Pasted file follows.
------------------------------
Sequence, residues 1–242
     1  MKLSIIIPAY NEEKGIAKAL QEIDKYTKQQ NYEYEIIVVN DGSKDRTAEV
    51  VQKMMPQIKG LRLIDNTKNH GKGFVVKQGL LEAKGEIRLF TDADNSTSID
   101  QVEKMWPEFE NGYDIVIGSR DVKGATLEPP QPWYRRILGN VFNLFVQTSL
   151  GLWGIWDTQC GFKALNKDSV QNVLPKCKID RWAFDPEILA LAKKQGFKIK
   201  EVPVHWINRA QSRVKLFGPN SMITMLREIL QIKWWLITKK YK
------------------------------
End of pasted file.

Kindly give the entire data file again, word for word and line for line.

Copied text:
Sequence, residues 1–242
     1  MKLSIIIPAY NEEKGIAKAL QEIDKYTKQQ NYEYEIIVVN DGSKDRTAEV
    51  VQKMMPQIKG LRLIDNTKNH GKGFVVKQGL LEAKGEIRLF TDADNSTSID
   101  QVEKMWPEFE NGYDIVIGSR DVKGATLEPP QPWYRRILGN VFNLFVQTSL
   151  GLWGIWDTQC GFKALNKDSV QNVLPKCKID RWAFDPEILA LAKKQGFKIK
   201  EVPVHWINRA QSRVKLFGPN SMITMLREIL QIKWWLITKK YK